- Why did you make these equal to 0? In other equations, ie, one solution and no solution, you isolated the radical on one side. Is there an easy way to tell if an equation has two solutions? Is it because there are radicals on both sides of the equal sign?(3 votes)
- you make them equal to 0 once you combined the like terms on both sides. once you take one side (in this video 2w+12) and transfer it over to the other side there is nothing left on the side so it just becomes 0.(3 votes)

- So here is my example of a square root equation

so the square root of (9-6) cubed - (4-2)

1st- u solve 9-6 which is 3 then you solve 4-2 which is 2 then u subtract 3 cubed (27) by 2 which is 25 then you solve the square root of 25 which is 5. So did i do it right?(3 votes)

## Video transcript

- [Voiceover] Let's say
that we have the equation six plus three w is equal to the square root of two w plus 12 plus two w. See if you can pause the
video and solve for w, and it might have more than one solution, so keep that in mind. Alright, now let's work
through this together. So the first thing I'd like to do whenever I see one of
these radical equations is just isolate the radical
on one side of the equation. So let's subtract two w from both sides. I want to get rid of that two
w from the right-hand side. I just want the radical sign. And if I subtract two w from both sides, what am I left with? Well, on the left-hand
side, I am left with six plus three w minus two w. Well, three of something
take away two of 'em, you're going to be left with w. Six plus w is equal to, these cancel out, we're left with the square root of two w plus 12. And to get rid of the radical, we're going to square both sides, and we've seen before that
this process right over here, it's a little bit tricky, because when you're squaring a radical in a radical equation like this, and then you solve, you might
find an extraneous solution. What do I mean by that? Well, we're going to get the same result whether we square this or
whether we square that, because when you square a
negative, it becomes a positive. But those are fundamentally
two different equations. We only want the solutions that satisfy the one that doesn't
have the negative there. So that's why we're going
to test our solutions to make sure they're valid
for our original equation. So, if we square both sides, on the left-hand side,
we're going to have, well, it's gonna be w squared plus two times their product. So, two times six times w, so that's 12 w, plus six squared, 36, Is equal to, now, if
you take the square root and square it, you're going to
be left with two plus twelve. Now, we can subtract two
w and 12 from both sides, so let's do that. So then we can get it into
a standard quadratic form. So let's subtract two w from both sides and let's subtract 12 from both sides. So, subtract 12 from the right. Subtract 12 here. And once again, I just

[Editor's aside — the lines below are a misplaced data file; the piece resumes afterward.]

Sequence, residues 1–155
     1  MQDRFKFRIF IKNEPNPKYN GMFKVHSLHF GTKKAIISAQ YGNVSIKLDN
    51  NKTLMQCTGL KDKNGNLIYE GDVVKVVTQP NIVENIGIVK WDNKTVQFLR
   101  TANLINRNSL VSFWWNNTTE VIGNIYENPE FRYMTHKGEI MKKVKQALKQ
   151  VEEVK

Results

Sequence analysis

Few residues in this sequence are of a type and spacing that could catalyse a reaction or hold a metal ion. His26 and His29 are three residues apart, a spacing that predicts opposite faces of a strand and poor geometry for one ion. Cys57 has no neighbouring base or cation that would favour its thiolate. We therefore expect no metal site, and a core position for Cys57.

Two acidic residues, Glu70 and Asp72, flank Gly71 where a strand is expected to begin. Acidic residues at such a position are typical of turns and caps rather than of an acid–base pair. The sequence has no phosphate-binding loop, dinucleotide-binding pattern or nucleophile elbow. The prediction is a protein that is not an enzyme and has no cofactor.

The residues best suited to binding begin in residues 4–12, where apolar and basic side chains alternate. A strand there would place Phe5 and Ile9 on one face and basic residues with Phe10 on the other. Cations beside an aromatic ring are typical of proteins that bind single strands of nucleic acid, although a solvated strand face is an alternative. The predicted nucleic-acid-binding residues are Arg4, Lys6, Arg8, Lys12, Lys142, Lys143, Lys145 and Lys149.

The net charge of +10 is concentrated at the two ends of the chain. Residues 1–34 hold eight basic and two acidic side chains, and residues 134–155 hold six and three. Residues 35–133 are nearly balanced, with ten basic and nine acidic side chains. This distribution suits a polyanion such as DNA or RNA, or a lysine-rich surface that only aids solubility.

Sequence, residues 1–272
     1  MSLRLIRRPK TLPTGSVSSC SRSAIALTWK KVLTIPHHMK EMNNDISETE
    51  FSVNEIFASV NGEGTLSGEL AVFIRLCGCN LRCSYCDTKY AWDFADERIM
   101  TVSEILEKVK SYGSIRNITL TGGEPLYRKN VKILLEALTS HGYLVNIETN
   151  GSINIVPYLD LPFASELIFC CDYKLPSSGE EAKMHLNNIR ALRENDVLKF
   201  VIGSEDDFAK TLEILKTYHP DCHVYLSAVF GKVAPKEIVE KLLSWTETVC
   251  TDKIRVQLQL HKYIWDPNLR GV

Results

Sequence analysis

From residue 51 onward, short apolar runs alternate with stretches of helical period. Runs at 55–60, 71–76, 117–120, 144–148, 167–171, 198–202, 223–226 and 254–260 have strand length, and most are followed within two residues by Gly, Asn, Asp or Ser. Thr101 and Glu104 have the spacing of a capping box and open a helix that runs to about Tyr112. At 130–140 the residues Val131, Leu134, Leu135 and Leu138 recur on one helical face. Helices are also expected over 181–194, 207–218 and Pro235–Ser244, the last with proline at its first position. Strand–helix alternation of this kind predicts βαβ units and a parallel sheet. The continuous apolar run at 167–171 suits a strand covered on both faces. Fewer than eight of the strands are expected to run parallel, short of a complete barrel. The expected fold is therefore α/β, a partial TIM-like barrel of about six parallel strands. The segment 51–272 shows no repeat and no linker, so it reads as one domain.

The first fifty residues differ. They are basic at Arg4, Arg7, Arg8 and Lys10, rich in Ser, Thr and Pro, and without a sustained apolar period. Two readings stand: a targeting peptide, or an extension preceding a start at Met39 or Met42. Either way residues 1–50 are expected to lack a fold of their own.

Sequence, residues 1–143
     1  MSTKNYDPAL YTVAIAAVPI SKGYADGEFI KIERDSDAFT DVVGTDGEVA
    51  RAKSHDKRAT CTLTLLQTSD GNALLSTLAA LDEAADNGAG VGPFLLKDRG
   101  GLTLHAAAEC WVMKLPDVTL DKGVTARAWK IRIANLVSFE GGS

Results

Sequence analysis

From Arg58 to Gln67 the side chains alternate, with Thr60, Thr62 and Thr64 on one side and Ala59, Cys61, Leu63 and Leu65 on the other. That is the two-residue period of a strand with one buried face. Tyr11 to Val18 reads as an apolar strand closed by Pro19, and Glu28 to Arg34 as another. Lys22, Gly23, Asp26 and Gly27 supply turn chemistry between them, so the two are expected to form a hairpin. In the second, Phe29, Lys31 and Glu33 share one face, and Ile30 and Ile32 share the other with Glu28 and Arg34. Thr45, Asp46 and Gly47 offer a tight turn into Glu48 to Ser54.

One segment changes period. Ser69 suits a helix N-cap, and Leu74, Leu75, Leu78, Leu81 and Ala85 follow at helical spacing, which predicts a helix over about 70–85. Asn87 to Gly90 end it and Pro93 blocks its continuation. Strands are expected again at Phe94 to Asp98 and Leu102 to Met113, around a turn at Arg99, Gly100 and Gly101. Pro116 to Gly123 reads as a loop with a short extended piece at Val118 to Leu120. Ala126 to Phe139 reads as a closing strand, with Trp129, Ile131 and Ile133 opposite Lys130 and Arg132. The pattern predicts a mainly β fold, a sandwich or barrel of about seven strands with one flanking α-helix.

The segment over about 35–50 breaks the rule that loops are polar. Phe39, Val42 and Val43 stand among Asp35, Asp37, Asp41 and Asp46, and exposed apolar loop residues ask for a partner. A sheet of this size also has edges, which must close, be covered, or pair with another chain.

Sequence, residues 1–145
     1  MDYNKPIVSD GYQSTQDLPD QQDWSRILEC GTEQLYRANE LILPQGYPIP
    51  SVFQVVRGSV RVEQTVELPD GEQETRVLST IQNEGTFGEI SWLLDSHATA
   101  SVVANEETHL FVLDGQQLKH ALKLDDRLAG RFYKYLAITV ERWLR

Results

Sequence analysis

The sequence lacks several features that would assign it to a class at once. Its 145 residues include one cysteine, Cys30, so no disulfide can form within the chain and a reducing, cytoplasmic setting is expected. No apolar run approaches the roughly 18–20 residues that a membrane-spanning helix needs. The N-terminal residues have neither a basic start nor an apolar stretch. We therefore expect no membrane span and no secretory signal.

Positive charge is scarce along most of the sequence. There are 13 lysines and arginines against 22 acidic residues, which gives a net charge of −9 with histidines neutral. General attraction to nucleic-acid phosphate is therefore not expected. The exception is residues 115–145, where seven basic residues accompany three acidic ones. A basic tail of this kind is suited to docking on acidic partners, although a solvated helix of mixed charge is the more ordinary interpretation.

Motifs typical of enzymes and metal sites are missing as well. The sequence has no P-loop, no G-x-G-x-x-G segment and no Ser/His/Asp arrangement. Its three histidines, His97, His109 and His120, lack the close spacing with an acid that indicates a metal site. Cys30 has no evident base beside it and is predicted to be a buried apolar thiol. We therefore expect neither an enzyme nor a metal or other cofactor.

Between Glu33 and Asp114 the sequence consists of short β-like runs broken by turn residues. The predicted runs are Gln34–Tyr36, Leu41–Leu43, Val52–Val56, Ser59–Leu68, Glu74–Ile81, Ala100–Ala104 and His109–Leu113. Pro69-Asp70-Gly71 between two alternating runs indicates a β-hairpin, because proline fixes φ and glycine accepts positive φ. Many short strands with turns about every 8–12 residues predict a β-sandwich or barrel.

want to get rid of this on the right-hand side, and I'm going to be left with, I am going to be left with, on the left-hand side, it's gonna be w squared. See, 12 w minus two w is plus ten w, and then 36 minus twelve is plus 24, is equal to zero. Now, let's see, to solve this, let's see, is this factorable? Are there two numbers that up to ten and whose product is 24? What jumps out at me is six and four. So we can rewrite this as w plus four times w plus six is equal to zero. And so, if I have the
product of two things equaling zero, well to solve this,
either one or both of them could be equal zero. Zero times anything is gonna be zero. So, w plus four is equal to zero, or w plus six is equal to zero. And over here, if you
subtract four from both sides, you get w is equal to negative four. Or, subtract six from both sides here. w is equal to negative six. Now let's verify that these
actually are solutions to our original equation. Remember, our original equation was six. I'll rewrite it here. Our original equation was six plus three w is equal to the square
root of two w plus 12 plus two w. So let's see, if w is
equal to negative four, if w is equal to negative four right over, let me do something different, is equal to negative four. So, that's going to be six
plus three times negative four is equal to the square root
of two times negative four plus 12 plus two times negative four. So this would be, this
is, negative twelve here. This is negative eight here. This is negative eight here, so you have six plus negative
twelve, which is negative six, is equal to the square root
of negative eight plus 12, is four, plus negative eight. So that would be negative six is equal to two plus negative eight, which is absolutely true. So this is definitely a solution. And let's try w is equal to negative six. So, we is equal to negative six. So, we're gonna get, if we look
up here, we're going to have six plus three times negative six is equal to the square root
of two times negative six plus 12 plus two w. So, this is gonna be negative 18. This is going to be negative 12. This is negative 12. Negative 12 plus 12 is zero. Square root of zero, this is always zero. And then two times, and actually let me, I shouldn't
have written a w there, I should have written
two times negative six. So back to what I was doing, this right over here is negative eighteen. This is two times negative six plus 12. This is all zero. Square root of zero is zero. And then this is negative twelve. So you get six plus negative of eighteen which is negative 12. Is equal to zero plus negative 12. Negative 12. Which is absolutely correct. So these are actually both solutions to our original radical equation.